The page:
India’s unwillingness to engage in peace talks with the Taliban when other regional and global actors are actively dealing with the insurgents in the reconciliation process, makes India isolated in the peace process. Indian foreign policy elites are concerned with possible ramifications of such a move. But this doesn’t mean Indian policymakers have “aversion” to the Taliban. History suggests that New Delhi has maintained ties with the Taliban, though the significance of such a move is widely contested, given the stake and involvement of Pakistan’s secret service agency Inter-Services Intelligence. This article tries to find whether Indian foreign policy elites ever engaged with the Taliban, and tries to argue that, in contrast to popular view, why India’s engagement with the Taliban may be desirable.
New Delhi has always taken Pakistan’s “strategic calculus” into consideration when dealing with Kabul. India wants to maintain “strategic balance” between Afghanistan and Pakistan, while remaining deeply skeptical of the latter’s attempt to shift the balance in its favor, by pursuing the policy of “strategic depth” through proxy warfare involving active support for the terrorist groups like the Taliban. India worries that Pakistan’s pursuit could destabilize the Afghan polity, having potential to radicalize Kashmir, given its geopolitical proximity to Afghanistan.
In the similar fashion, Pakistan is obsessed with India’s involvement in Afghanistan that assumes New Delhi’s presence as a threat to its sovereign existence, given the fact that India supports anti-Pakistani factions in Afghanistan, whose malign intentions of forming a greater Pashtunistan by uniting Pashtun tribes in either side of the non-recognized Durand line, conspicuously insecure Pakistan. Moreover, India’s presence is also viewed as supporting Baluchi separatists in Quetta, who are demanding separation from Pakistan.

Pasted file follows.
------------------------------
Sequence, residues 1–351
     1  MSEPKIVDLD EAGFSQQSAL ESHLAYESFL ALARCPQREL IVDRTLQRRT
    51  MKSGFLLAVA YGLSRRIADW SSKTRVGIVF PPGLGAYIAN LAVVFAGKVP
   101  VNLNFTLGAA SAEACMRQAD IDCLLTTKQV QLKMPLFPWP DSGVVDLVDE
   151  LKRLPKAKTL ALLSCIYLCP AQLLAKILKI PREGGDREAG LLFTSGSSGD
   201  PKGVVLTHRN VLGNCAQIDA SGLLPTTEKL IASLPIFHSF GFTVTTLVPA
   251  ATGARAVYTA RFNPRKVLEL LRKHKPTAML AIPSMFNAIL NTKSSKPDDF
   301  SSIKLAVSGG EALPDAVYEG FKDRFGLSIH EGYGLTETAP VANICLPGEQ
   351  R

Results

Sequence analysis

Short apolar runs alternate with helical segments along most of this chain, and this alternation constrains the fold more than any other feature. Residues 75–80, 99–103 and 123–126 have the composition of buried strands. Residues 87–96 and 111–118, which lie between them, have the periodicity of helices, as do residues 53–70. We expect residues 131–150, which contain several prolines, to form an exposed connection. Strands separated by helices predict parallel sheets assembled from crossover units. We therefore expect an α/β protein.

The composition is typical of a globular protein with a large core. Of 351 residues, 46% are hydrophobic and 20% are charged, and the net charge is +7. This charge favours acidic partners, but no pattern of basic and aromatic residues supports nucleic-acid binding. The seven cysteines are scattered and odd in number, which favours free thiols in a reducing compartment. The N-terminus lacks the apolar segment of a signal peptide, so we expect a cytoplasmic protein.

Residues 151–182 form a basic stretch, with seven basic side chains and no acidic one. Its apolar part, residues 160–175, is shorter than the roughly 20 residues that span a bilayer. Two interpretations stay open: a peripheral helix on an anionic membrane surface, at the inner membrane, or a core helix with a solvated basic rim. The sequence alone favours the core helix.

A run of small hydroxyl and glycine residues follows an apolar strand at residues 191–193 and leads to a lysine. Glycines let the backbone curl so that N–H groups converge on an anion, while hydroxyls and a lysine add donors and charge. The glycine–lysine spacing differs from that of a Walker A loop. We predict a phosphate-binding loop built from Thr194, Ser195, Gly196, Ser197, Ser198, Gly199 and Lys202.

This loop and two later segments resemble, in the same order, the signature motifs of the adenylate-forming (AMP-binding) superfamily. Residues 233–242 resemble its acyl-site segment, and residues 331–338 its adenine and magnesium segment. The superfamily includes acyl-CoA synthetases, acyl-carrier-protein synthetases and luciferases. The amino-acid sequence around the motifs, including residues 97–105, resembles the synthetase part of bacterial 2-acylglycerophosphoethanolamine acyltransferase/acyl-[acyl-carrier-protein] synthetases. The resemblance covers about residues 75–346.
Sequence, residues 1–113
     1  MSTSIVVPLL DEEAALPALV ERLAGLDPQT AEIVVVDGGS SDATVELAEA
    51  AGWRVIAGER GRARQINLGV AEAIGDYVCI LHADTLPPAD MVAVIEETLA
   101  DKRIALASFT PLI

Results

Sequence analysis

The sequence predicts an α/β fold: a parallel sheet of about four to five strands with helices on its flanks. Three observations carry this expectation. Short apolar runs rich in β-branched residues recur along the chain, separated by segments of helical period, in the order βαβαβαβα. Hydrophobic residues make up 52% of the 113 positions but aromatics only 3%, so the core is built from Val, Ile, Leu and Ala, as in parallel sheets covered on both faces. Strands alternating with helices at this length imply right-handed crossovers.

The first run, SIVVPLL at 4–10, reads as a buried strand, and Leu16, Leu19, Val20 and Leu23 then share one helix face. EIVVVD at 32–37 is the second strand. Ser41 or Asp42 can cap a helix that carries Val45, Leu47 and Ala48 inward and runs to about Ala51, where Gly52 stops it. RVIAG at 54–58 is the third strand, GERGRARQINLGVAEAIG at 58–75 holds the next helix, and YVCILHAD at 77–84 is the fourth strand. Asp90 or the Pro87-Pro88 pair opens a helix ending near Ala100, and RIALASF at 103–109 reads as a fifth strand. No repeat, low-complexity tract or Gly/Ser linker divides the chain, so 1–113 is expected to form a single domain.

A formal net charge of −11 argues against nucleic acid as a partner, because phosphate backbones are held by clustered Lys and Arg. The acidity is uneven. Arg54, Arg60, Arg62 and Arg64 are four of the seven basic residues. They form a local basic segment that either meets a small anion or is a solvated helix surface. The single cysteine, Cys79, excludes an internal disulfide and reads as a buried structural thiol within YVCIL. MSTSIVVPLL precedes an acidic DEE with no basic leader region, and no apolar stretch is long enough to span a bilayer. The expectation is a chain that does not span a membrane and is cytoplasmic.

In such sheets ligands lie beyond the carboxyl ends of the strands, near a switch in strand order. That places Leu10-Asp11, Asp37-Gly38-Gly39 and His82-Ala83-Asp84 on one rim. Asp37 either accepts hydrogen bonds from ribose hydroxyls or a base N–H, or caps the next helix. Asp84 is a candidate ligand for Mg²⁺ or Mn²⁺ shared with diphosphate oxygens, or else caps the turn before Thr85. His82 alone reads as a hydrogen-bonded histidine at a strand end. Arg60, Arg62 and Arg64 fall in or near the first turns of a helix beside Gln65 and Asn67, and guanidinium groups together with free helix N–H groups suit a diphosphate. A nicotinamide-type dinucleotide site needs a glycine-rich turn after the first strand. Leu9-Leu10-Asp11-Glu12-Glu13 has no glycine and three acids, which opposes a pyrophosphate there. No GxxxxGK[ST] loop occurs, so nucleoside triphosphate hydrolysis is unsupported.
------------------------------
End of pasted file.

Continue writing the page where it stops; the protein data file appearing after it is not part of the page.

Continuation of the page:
In short, Afghanistan is viewed as a zero-sum endeavor by both, each trying to gain something at the expense of the other, which undermines the agency of the Afghan state and prevents long term peace solutions from evolving.
Ties with the Taliban
India’s foreign policy towards Afghanistan changed after the Taliban disintegrated Kabul and captured power in 1996, before that there was debate among Indian policymakers whether to “engage” or “contain” the Taliban.
In 1992, Indian foreign policy towards Afghanistan was directed in accordance with Rao doctrine, which ushered full engagement with Kabul, irrespective of groups attaining power in the center (even open to Taliban). Though the terms of engagement involved only diplomatic relations and lobbying without the use of military support, especially after the failure of using “coercive techniques” in Sri Lanka. The “pro-engagement group” viewed the Taliban as an “ethno-nationalist” force or “student movement”, rather than a terrorist organization. Logically, such a viewpoint suggests New Delhi’s intent of exploiting Pashtun nationalism to trigger the formation of greater Pashtunistan, since the Taliban never recognized the Durand line. But in reality, such thought never materialized.
India’s foreign policy towards Afghanistan during the first few months of the United States “war on terrorism” in 2001, culminated with its active support for Karzai Government, who was appointed as the head of the interim government after the negotiation in Bonn Conference. Even when India supported Karzai’s government, New Delhi has not completely ignored the Taliban. Though not formally, Indian military intelligence officials maintained contacts with the Taliban’s ally Hezb-i-Islami leader Hekmatyar and Taliban’s council Quetta Shura from 2005-2006, and later with some Taliban factions till 2011.